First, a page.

The infrastructure underpinning the foundations of healthcare systems around the world are becoming increasingly digital which opens them up to cyber attacks of many different forms - ransomware, phishing, account takeovers (AOT), and more. These attacks significantly impede the ability of health providers to offer critical, lifesaving services.
The past few years have seen a significant increase in the number of cyberattacks on the digital infrastructure of nearly every sector, with the average cost of a data breach amounting to roughly $4.3 million per incident. That figure rises even higher in the health sector, where the average cost is about $10.1 million per data breach. Health organizations dealt with approximately 1,463 cyberattacks per week in 2022, globally, which was up a whopping 74% from the previous year. In the US, that figure was 86%. This uptick in cyberattacks shows no signs of slowing down. Instead, it is significantly increasing.
The massive attack on CommonSpirit Health systems in the US cost the company about $150 million, according to the non-profit. But it is the direct effects on human lives that are most troubling. A thee-year-old boy was given five times the prescribed dosage of medicine because of the cyberattack on the hospital's system, and in another state, the death of a baby was also attributed to a cyberattack because doctors were unable to perform critical pre-birth checks. In Germany, a patient died while being transported to a different hospital because the facility closest to her was closed to due a cyberattack.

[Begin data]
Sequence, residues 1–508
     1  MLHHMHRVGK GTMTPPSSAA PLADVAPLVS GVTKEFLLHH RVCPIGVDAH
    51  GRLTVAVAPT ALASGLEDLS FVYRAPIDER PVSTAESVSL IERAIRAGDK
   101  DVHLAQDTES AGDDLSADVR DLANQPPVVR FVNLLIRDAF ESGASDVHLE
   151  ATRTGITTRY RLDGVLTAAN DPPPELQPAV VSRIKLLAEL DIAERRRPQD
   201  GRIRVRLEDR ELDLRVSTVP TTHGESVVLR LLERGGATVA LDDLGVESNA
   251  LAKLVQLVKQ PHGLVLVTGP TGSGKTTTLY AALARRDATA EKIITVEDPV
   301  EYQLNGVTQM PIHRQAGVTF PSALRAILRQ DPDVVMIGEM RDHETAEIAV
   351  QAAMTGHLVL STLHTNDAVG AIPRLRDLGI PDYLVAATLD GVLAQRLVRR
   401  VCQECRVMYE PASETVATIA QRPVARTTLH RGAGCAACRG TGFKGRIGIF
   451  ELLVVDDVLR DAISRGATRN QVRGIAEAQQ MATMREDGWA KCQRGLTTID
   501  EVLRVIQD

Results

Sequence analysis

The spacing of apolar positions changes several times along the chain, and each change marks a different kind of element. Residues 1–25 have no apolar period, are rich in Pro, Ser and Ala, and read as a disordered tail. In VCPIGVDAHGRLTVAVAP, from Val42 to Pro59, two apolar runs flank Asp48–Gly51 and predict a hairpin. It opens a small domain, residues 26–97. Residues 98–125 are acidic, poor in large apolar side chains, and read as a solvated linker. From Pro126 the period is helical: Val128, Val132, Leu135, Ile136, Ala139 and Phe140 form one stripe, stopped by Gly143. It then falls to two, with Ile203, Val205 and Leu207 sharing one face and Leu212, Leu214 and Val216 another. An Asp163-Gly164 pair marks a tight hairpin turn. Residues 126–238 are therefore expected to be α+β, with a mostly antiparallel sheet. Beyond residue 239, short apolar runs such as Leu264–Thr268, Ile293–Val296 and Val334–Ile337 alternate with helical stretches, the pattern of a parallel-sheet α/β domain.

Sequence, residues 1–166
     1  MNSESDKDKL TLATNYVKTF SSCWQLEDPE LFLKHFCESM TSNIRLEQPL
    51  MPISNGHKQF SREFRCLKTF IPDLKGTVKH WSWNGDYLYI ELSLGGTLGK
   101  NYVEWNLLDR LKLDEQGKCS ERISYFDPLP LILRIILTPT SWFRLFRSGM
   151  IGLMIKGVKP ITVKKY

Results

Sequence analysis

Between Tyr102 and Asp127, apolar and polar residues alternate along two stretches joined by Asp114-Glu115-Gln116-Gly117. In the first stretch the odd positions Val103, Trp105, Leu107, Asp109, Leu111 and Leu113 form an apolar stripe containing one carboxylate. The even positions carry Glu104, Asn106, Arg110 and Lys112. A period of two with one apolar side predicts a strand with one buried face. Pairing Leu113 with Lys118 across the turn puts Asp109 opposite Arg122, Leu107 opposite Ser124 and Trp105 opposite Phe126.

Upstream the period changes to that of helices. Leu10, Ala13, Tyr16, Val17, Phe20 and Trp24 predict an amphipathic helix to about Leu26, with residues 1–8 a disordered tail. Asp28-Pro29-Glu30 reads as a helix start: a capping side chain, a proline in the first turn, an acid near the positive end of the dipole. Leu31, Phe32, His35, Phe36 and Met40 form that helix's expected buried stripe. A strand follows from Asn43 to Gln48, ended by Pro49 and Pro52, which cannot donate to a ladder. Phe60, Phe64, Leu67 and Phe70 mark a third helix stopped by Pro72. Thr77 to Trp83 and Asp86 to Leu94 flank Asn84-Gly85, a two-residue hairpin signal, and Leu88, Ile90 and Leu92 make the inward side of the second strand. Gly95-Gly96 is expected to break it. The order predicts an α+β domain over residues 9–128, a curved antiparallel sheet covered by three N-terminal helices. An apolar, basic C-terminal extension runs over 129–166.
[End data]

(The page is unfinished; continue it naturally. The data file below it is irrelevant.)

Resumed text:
Unfortunately, the increased frequency and severity of cyberattacks are likely to continue. Emerging technologies, most notably Artificial Intelligence (AI), make it easier to create, launch, and scale high-quality cyberattacks. Recent research has shown that Large Language Models, a type of AI used to mimic human writing, can deceive users into committing actions that hurt themselves or their organization. For example, an LLM can deceive employees into sharing sensitive information or granting attackers access to sensitive systems. Previously, these attacks required the hacker to speak the same language as the user, have a flair for persuasion, and understand the target’s IT system. Now, the attacks can be automated and launched by anyone. We face a troubling situation: cyberattacks are becoming easier to launch and more potent while our reliance on technology is increasing.
For this reason, the institute has created a new stream of research focused on cybersecurity and health, to better understand the potential harms that these advanced technologies can have on our healthcare systems and organizations, and to develop mitigating solutions, in collaboration with our partners across the public and private sectors, academia, and civil society.